• The mobile terminal or user equipment (UE) according to the invention can in some situations move only one of the communication links in frequency. This implies the UE can operate with variable duplex, i.e., the frequency separation between up-link and down-link can be changed in certain situations. Accordingly, a UE in accordance with the invention can operate with both fixed and variable duplex. This allows the UE to move one of the links without necessarily moving the other. This is achieved by providing the UE with logic which allows the UE to switch between fixed and variable duplex. [0020]
  • FIG. 2 illustrates a block diagram of a UE in accordance with the invention. The receiver portion of the UE includes a front-end receiver (Fe RX) [0021] 204 that down converts a received signal to a baseband signal (RX BB signal) and a baseband decoder 206 (RX BB) that decodes the baseband signal (RX BB signal). The UE also includes a coder 212 (TX BB)that generates symbols and pulse shape filters signals to be transmitted by the UE, and a front-end transmitter (Fe TX) 210 that up-converts the baseband TX signal to a radio signal for transmission by antenna 202. Furthermore, the UE includes logic 208 that allows the UE to switch between fixed and variable duplex.
  • Logic [0022] 208 changes the duplex distance, represented by the reference frequencies fFX and fTX. Known systems, with fixed duplex, only require one reference frequency, which is fed to both the transmitter (Fe TX) and receiver (Fe RX) since the distance d between the uplink and downlink frequencies (fTX, fFX) is fixed for all carrier pairs. As a result the intermediate frequencies can be determined knowing only one of the frequencies (fFX or fTX) and the fixed distance. However, this is not possible in a system where the duplex distance is not fixed. Accordingly, logic 208 of the UE in accordance with the invention, changes the duplex distance based on, for example, information signaled from the base station and decoded in the decoder 206 (RX BB).
  • According to one embodiment of the invention, the UE can change to variable duplex operations due to capacity problems within the cell as illustrated in the flow charts of FIGS. 3 and 4. Capacity problems can be detected by the base station, for example, by detecting that the code tree is fully used, or that the interference levels in the system are high. While the capacity problems are most efficiently detected by the base station, the UE can also detect such problems by detecting high interference levels or that a wanted data rate is changed to a lower rate by the base station. If the base station detects the problem, it signals to the UE that is should initiate a handover of the up-link or down-link to another up-link or down-link frequency band. If the UE detects the problem it sends a request to the base station to be allowed to move the link to another frequency band. In either case, the link which is not being moved continues to operate. [0023]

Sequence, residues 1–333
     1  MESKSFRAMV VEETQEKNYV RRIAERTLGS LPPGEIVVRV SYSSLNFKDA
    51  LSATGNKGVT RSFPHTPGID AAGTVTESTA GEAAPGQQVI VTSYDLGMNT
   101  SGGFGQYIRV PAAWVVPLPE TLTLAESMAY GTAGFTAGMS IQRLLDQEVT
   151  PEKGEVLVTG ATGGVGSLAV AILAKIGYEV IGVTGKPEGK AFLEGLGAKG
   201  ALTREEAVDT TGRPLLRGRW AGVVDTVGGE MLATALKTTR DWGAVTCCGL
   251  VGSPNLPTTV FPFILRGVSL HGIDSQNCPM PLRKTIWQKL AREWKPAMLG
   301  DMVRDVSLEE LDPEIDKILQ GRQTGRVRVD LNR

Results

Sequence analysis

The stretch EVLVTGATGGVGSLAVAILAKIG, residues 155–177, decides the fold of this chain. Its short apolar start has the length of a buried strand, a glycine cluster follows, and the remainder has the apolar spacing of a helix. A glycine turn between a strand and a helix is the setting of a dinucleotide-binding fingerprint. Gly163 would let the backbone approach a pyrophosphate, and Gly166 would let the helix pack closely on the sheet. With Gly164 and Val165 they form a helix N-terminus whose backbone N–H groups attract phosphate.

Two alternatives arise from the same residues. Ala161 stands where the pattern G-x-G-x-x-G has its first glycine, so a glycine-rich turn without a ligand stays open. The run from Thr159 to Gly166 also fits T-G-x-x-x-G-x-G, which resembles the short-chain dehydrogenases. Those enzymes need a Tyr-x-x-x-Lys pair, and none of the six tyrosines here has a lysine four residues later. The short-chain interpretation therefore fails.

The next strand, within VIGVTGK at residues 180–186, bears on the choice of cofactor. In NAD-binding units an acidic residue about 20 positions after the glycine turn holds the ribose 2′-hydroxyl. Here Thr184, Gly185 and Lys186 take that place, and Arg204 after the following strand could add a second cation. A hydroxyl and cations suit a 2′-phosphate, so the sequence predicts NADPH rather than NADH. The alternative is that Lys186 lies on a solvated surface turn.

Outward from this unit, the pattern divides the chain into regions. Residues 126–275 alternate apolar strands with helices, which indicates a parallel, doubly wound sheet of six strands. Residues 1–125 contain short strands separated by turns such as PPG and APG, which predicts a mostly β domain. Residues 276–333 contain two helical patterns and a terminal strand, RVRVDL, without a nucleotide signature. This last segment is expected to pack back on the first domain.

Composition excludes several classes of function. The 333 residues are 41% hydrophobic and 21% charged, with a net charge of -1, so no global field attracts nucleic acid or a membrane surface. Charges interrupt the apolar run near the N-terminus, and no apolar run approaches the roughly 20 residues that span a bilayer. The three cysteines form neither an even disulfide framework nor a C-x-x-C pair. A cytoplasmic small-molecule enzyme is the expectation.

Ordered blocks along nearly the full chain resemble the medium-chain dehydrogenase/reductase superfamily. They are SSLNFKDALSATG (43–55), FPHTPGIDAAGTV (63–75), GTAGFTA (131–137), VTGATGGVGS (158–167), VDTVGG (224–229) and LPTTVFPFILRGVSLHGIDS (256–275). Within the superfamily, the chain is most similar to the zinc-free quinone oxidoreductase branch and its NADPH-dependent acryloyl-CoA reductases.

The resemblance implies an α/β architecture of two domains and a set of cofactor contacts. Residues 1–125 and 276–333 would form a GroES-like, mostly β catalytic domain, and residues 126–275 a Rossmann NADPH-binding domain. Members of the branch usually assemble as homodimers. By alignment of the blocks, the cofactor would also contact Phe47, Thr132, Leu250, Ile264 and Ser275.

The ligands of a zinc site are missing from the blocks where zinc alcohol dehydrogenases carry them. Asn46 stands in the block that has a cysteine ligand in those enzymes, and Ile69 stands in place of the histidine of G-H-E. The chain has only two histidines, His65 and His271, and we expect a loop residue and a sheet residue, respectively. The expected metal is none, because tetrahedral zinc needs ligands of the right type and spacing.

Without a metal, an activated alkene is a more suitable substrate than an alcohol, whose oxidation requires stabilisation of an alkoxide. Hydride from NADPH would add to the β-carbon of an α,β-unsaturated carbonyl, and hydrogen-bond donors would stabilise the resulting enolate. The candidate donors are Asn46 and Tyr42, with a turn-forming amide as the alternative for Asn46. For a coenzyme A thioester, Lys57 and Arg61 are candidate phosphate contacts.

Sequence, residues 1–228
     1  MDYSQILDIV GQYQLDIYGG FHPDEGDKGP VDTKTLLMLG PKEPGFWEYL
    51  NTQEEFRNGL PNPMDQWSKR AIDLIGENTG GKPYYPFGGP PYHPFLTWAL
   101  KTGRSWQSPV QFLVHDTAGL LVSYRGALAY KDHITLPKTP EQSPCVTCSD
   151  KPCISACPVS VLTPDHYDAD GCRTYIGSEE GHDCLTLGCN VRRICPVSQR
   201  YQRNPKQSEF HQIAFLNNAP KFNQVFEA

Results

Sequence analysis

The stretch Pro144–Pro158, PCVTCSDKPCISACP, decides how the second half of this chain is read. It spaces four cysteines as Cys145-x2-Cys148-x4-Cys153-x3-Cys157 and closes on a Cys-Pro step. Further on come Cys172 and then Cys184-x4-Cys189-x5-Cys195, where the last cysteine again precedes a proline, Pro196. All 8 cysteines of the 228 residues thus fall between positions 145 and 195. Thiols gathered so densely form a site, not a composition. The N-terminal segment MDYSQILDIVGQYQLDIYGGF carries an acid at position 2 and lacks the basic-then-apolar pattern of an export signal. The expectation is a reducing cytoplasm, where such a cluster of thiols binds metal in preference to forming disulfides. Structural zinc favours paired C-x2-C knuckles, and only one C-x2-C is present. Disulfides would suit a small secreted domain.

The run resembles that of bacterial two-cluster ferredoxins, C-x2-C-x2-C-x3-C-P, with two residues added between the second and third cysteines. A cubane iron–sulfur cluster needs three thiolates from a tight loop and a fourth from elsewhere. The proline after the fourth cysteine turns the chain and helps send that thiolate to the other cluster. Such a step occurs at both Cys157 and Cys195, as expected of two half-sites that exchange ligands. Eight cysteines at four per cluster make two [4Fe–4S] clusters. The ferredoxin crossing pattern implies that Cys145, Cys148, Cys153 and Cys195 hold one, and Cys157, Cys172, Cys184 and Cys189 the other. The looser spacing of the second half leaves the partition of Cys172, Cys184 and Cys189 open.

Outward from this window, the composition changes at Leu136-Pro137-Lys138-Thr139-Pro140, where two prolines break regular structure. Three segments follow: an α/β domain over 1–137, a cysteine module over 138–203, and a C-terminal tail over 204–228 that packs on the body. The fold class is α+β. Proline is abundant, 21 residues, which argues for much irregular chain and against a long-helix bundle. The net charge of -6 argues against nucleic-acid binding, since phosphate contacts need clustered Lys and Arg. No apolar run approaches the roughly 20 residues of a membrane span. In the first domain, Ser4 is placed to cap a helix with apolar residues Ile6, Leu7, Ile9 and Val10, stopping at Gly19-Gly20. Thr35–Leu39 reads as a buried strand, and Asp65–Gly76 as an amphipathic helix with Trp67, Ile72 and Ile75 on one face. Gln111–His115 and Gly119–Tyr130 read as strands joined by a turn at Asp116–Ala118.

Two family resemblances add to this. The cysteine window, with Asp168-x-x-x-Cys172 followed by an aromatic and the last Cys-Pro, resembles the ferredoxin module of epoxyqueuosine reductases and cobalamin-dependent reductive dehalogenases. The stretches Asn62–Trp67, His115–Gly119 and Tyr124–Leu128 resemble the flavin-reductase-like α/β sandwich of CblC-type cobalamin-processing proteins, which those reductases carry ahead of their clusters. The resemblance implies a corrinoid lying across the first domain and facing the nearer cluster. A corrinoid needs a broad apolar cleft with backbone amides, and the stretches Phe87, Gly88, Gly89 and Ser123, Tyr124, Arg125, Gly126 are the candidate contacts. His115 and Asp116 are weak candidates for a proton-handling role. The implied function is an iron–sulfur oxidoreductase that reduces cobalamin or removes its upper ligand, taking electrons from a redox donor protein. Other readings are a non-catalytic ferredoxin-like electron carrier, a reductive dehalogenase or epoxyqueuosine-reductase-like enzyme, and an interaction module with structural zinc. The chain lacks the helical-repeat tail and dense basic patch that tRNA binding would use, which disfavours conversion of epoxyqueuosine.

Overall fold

• FIG. 3 illustrates a flow chart of the situation wherein the base station determines that a problem exists in the up-link frequency. As illustrated in step [0024] 301, transmissions between the BS and the UE occur over an up-link frequency carrier UL1 and a down-link frequency carrier DL1. At step 303, the BS detects a problem, for example with capacity on UL1. As discussed above, the base station can detect capacity problems monitoring interference levels within the cell or by detecting that the code tree is fully used. The base station then determines a new up-link frequency UL2 at step 305. Then at step 307, handover of the UEs up-link transmissions from up-link frequency UL1 to up-link frequency UL2 is initiated, while the UE's down-link transmissions remain unchanged. Upon completion of the handover, transmissions are now carried out between the BS and UE using up-link frequency UL2 and down-link DL1 as indicated in step 309.
  • FIG. 4 illustrates a flow chart of the situation wherein the base station determines that a problem exists in the up-link frequency. As illustrated in step [0025] 402, transmissions between the BS and the UE occur over an up-link frequency carrier UL1 and a down-link frequency carrier DL1. At step 404, the BS detects a problem, for example, with capacity, on DL1. The base station then determines a new down-link frequency DL2 at step 406. Then at step 408, handover of the UE's down-link transmissions from down-link frequency DL1 to down-link frequency DL2 is initiated, while the UE's up-link transmissions remain unchanged. Upon completion of the handover, transmissions are now carried out between the BS and UE using up-link frequency UL1 and down-link DL2 as indicated in step 410.
  • During the process of moving the up-link/down-link frequency band discussed above with respect to FIGS. 3 and 4, the down-link/up-link frequency band, which is not moved, continues to operate. The gain of continuing the operation in the link that is not moved is that a higher throughput is achieved. This may involve that closed loop processes, such as power control, needs to operate in open loop mode until connection in the new up-link frequency band is established. [0026]